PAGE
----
09 May 2006

Shopping in San Antonio

I was delighted that Marek should have found this blog, expecially as (unless he has kept very quiet about it, and in conversation with me I can understand why anyone would keep it under their hat) he isn't a keen runner. He reminded me yesterday about an episode in San Antonio, and I put it to him that it had to be blogged. So here it is, Marek!

INTA was in San Antonio in 1997, I think. It was Marek's first, and we had found ourselves bumping into each other often and had become good friends, so we arranged to go to the airport together on the way home. We must have taken a taxi, because Hilary had ordered a huge consignment of rubber stamps which I had been obliged to pursue around the United States by phone until they showed up in San Antoinio. They were heavy!

It may be that we planned all along to take a trip to some shops after checking in our luggage, but when I offered up my suitcase - a difficult manoeuvre, given the weight of stamps - the airline demanded a substantial fee for taking it. Severl hundred dollars, I think. But they would take any number of items of luggage provided each was within the limit. So I put the case in a locker (not without difficulty!) and Marek and I found a cab and asked to be taken to the nearest stores where I could buy luggage and he could get his CD.

In the event, I remember that all he got was two Cokes, but one of them was very welcome to me. I got a bag, which in the end I took as hand luggage full of rubber stamps (this was before Hilary discovered unmounted ones, so there was a lot of wood in the case). At Heathrow, when I arrived, I had to lug it on my back. I have no recolleactiof of how I changed planes in Houston, as I am sure I must have done: perhaps my memory is protecting me by wiping it.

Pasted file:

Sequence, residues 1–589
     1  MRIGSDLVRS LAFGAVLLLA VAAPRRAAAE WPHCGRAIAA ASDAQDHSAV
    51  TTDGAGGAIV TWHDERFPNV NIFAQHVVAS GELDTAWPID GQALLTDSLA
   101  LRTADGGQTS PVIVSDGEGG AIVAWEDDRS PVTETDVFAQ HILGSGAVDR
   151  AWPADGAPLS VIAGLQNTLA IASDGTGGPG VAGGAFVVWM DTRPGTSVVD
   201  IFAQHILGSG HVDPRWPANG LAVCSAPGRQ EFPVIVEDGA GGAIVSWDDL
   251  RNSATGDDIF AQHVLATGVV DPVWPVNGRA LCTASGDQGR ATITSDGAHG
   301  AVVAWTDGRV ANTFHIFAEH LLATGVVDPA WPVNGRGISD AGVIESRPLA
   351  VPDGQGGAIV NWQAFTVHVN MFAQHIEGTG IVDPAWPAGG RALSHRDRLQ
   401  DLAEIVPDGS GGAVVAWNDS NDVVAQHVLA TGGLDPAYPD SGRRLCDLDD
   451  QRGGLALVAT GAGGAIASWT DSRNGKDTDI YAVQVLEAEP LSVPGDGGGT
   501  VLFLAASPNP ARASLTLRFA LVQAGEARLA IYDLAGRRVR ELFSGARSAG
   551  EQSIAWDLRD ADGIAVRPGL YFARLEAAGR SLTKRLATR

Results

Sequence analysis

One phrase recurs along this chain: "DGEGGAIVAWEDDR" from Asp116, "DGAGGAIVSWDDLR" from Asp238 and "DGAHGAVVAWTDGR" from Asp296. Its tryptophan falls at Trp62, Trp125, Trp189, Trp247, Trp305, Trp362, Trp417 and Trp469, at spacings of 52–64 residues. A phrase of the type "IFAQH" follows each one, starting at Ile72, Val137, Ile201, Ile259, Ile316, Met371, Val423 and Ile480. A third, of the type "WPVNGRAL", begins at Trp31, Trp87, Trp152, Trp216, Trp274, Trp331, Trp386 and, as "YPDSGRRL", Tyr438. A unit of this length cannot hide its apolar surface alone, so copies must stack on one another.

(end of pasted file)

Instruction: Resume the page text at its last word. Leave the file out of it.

Marek found his CD later, back in Poland.

International Trademarks Association 5K

This is the biggest event in my annual calendar, for a variety of reasons not much to do with running. It's because of the occasion and the friends I run with. Still, I had planned a good time, though with hidnsight starting going to parties on Saturday and continuing until Monday is not the best preparation for a run on Tuesday. Too much food and drink, much of it of the wrong sort, and little sleep combined to put me in quite the wrong state to run 5K, or any distance come to that.

Several of my old INTA running friends weren't taking part anyway. No Villu, no Rudi (though he was there to watch and cheer us on). Paul was there but talking down his chances - sandbagging, and American runner called it, and clearly the complete opposite of sledging!). Matt, his son, claimed to be a mere jogger but Paul warned me that this was bluff. I was confident - too confident - and telling everyone who would listen to me that I had run 20 minutes a week before, and that in the first half of a 10K. It wouldn't happen today!

From the start, I kept up with the leading pack but fairly quickly dropped back. They were serious runners, and I knew I wasn't in their league, but no-one sounded as if they were about to pass me. Glancing round, I could se that there were people close behind but they were staying there.